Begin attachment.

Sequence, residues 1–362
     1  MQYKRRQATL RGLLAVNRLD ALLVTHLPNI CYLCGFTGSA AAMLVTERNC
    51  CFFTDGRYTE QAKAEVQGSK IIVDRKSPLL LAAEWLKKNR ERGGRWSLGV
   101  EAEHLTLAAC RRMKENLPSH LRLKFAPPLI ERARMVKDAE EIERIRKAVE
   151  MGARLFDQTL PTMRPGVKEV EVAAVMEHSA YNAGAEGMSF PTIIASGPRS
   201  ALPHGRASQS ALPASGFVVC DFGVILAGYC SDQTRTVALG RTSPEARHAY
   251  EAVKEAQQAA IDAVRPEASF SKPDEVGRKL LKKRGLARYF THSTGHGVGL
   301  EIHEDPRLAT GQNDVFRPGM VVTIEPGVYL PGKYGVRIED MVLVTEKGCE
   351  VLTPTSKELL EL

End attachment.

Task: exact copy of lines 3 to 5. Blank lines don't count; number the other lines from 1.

    51  CFFTDGRYTE QAKAEVQGSK IIVDRKSPLL LAAEWLKKNR ERGGRWSLGV
   101  EAEHLTLAAC RRMKENLPSH LRLKFAPPLI ERARMVKDAE EIERIRKAVE
   151  MGARLFDQTL PTMRPGVKEV EVAAVMEHSA YNAGAEGMSF PTIIASGPRS